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23 June 2011 @ 02:06 pm
Stasis at the Ridgetop Retreat  
I left Eugene Monday and have been in residence this week in my house at Colton. My plans are to sort through belongings and pack them effectively, and transport them to places of donation, discard, and into storage and use in my new residence in Eugene. I'm also assembling repair and maintenance checklists.

On the way up I met a friend for lunch and another friend for dinner, and I forayed forth to meet friends for dinner Tuesday night, but otherwise I have been here.

I have been looking forward to this time to resolve my former residence here, but had been delayed by a need to finish up school in Eugene and not split my efforts too broadly. My pattern in Eugene has been daily moderate to high output: three classes completed along with time in the lab at the college, home furnishings set up, music and media areas configured, books unpacked, tasty meals made, dahlias planted, housekeeping accomplished, roombas supervised, and lunch breaks taken with Katrina. I ride my bike, rarely feel achey, and am relatively active. My diet and activity levels and sleep are healthy.

Here in Colton, I've been underwhelmed by the progress I have made this week. I have sampled a few boxes of Kathryn's clothing and packed another half a box of stuff. Instead of the planned activities, focus has been outward, on the Internet, researching and reading. I feel the wages of avoidance and distraction, legs ache from disuse and awkward postures at the end of the day. I am almost at a standstill. Darkness comes, and I sleep, hoping for a more productive day which doesn't really come. The stasis feels familiar: it recollects tracts of time before my relocation to Eugene.

Stasis seems momentarily adaptive, but starves me of progress and health in the longer term... so why do I do this? I am pondering the nature of the powerful subconscious forces inside my head. Ultimately, I believe these patterns are ones of avoiding the pain and triggering memory... the patterns of avoidance and stasis are triggered and strong for me here because the environment encourages me to re-live memories, as well as strategies of waiting, hanging on, accepting little day-to-day progress or change. When Kathryn was sick, it was sometimes enough for me to go through motions and make only small amounts of progress in order to just get through the day and get rest for the next day - a day when she might be able to communicate. After she was gone, there was grief, and while I was quite productive on work things and some hobbies at times, in contrasting areas more focused around the house care itself, I felt somewhat halted. I'm very isolated here, and I have no one to share my hourly plans and accomplishments with, so they don't feel very real to me. So, in some ways, I just hunker down and wait... wait for something to change (things were always changing and not always positively when Kathryn was around, so my agendas tended to be set by others and that was familiar for me).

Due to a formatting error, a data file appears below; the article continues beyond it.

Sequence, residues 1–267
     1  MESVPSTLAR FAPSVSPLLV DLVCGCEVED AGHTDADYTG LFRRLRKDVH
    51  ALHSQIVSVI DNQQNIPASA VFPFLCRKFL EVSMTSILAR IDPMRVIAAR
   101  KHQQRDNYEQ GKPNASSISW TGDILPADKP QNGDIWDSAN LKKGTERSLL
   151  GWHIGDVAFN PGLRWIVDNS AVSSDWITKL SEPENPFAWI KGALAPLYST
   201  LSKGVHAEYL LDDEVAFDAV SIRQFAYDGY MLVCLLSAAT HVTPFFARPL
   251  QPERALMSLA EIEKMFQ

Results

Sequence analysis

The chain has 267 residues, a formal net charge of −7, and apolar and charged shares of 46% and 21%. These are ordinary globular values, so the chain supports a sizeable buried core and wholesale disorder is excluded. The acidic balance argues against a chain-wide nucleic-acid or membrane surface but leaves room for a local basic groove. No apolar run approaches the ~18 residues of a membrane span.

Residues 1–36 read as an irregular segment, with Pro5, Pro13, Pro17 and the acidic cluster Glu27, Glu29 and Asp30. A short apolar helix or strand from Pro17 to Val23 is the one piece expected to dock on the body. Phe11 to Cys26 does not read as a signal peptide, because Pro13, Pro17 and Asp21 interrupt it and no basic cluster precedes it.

Predictably - things don't change. I feel somewhat annoyed at this week of avoidance and distraction, staring at the computer amid unpacked home things. I don't think I can overcome this merely by pushing myself harder and continuing down this exact track... I feel that I need to work smarter and find a way to flow around the part of myself that is my own obstacle.

My new approach is this:

1) ask for presence of a friend for support,
2) focus on evacuating this house's contents, and
3) leave sorting for a more supportive environment

Having people around will give me the encouragement for meaningful hour by hour progress. Emptying the house now will allow me to move forward on repairs and listing, and make it less comfortable as a place to sit and do nothing. Leaving the emotionally complicated sorting for later this house will prevent me having to take that bullet now, which still feels like more than I can emotionally deal with all alone, and I can do it in a more supportive and convenient environment later.

So, not all is lost. I've had a week of rest and stasis. I reconnected with some of the emotions, the pain and coping I have had here, and the sense of isolation and lack of progress. I have more compassion for the person who was living that way full time. I have contrast with a more productive, happier, fuller life I have had since I moved from here three months ago - a more essential and effective 'me'. No schoolwork has been sacrificed for this experiment. To sum this up, I have a more complicated but perhaps less emotionally taxing approach for making forward progress.

I recall the intense beauty and facility of this remote place to live, which I strongly recommend for those who love rural living - which is great for me to visit on vacation, but to which I am less well-suited as a daily home pattern.

I'm ready to go home... home to Eugene. While I have been away, my girlfriend has become a grandmother, and I want to celebrate with her, and connect with my developing life in my new home... I will also need to secure the resources I need to succeed my evacuation of the old home where I'm sitting now.